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The 4-D Laplace equation and wave equation

  1. Feb 10, 2010 #1
    In relativity, the scalar wave equation in the coordinate system (x,y,z,ict)
    is
    [tex]\frac{\partial^2\phi}{\partial x^2}+\frac{\partial^2\phi}{\partial y^2}+\frac{\partial^2\phi}{\partial z^2}+\frac{\partial^2\phi}{\partial (ict)^2}=0[/tex]

    In 3D classical mechanics, the Laplace equation is:{when the coordinate system is (x,y,z)+t}
    [tex]\frac{\partial^2\phi}{\partial x^2}+\frac{\partial^2\phi}{\partial y^2}+\frac{\partial^2\phi}{\partial z^2}=0[/tex]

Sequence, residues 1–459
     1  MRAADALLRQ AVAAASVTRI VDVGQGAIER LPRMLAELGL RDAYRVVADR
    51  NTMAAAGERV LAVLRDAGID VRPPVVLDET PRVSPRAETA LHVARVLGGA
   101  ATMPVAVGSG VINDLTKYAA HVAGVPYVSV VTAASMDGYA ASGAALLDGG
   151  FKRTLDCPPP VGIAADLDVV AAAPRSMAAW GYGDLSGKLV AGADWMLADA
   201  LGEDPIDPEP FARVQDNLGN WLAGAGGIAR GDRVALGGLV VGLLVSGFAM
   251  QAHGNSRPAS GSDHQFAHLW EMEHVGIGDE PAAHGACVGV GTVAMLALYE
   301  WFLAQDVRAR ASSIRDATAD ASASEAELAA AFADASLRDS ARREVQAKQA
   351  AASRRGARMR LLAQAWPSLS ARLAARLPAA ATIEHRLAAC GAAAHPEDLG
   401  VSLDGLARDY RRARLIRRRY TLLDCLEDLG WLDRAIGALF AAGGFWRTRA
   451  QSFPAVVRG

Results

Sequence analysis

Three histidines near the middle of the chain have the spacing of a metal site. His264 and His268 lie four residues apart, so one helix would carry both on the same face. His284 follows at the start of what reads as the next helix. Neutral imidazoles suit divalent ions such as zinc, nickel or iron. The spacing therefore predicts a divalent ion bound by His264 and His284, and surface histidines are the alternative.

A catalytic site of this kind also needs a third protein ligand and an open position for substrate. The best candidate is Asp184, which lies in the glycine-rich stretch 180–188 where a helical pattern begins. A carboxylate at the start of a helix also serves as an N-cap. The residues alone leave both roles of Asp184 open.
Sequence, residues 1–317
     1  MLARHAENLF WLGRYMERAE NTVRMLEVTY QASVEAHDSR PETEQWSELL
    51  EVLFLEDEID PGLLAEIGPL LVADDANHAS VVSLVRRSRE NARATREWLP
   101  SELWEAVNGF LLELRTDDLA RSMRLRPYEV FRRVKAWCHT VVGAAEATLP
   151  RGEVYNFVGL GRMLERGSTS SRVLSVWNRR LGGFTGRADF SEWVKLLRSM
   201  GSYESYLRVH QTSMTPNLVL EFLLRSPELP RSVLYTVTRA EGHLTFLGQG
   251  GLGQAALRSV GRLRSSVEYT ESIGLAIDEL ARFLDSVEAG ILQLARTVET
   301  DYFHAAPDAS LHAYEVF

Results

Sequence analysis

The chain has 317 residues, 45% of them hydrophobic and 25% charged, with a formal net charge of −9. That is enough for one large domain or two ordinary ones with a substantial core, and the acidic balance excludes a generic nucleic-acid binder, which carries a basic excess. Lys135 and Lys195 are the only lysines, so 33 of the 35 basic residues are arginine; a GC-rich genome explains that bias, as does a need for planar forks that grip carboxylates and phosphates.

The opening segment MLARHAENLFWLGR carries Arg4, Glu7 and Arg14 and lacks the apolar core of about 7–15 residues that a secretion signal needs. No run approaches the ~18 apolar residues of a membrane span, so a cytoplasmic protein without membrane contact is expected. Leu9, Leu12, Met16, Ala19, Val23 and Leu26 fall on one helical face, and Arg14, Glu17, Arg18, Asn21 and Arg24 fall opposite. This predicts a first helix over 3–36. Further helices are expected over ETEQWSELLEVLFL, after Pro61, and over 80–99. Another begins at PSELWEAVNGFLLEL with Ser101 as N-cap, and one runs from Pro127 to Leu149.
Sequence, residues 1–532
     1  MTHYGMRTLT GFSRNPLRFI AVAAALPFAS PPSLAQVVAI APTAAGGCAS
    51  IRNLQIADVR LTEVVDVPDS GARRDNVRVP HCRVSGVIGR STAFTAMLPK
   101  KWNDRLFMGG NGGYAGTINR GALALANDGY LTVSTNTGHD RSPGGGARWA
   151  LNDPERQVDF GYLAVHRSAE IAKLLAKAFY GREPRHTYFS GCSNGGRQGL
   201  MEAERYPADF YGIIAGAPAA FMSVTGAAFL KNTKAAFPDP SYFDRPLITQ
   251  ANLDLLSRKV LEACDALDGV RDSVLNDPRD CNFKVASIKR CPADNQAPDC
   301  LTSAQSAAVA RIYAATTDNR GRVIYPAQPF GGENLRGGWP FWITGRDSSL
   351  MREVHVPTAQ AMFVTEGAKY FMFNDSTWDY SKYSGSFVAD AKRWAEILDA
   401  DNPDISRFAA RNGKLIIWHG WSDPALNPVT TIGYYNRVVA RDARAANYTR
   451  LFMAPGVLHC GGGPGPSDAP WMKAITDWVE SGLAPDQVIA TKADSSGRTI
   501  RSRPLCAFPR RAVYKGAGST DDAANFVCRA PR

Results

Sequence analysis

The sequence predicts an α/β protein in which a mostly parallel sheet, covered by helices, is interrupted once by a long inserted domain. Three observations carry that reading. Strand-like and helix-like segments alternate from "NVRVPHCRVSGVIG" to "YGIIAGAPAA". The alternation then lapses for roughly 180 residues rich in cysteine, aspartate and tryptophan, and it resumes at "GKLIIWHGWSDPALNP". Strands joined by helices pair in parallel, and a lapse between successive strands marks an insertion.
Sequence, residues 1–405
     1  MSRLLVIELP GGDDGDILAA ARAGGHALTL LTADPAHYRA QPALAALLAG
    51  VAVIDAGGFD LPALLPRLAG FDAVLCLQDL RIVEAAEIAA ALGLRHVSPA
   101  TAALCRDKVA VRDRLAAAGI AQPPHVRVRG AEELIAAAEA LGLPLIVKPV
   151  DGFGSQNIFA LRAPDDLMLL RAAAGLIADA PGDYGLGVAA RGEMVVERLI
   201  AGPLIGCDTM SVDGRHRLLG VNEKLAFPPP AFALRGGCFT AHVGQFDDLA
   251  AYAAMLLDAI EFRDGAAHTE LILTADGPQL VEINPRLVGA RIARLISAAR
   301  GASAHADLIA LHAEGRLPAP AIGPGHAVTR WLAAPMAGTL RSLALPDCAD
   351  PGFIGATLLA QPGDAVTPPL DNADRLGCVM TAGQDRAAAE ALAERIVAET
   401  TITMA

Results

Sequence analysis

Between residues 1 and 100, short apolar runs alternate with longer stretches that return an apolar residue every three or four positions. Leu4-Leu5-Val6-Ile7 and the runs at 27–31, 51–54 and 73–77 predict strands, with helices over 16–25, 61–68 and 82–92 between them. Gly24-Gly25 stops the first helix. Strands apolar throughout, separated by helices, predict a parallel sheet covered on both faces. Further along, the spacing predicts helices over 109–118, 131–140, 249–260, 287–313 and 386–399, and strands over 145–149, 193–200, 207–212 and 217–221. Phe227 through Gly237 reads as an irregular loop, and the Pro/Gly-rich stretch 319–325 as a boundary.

And the ordinary wave equation is
    [tex]\frac{\partial^2\phi}{\partial x^2}+\frac{\partial^2\phi}{\partial y^2}+\frac{\partial^2\phi}{\partial z^2}=\frac{1}{v^2}\frac{\partial^2\phi}{\partial t^2}[/tex]

    the first equation is similar to the third,and the second equation has the same format of dimensions as the first.

    So, does this mean that a wave equation in 4 dimensions is a 4-D laplace equation in relativity,or something else,Thx very much.
     
  2. jcsd
  3. Feb 10, 2010 #2
    Yes! In four dimensional spacetime of Minkowski with signature (+,-,-,-), the wave equation is

    [tex]\square \phi=0[/tex]

    with [tex]\square = {\partial}^2_t-{\nabla}^2[/tex] being the famous D'Alembert operator, which is of course the field equation of Nordstrom's first theory of gravitation!

    AB
     
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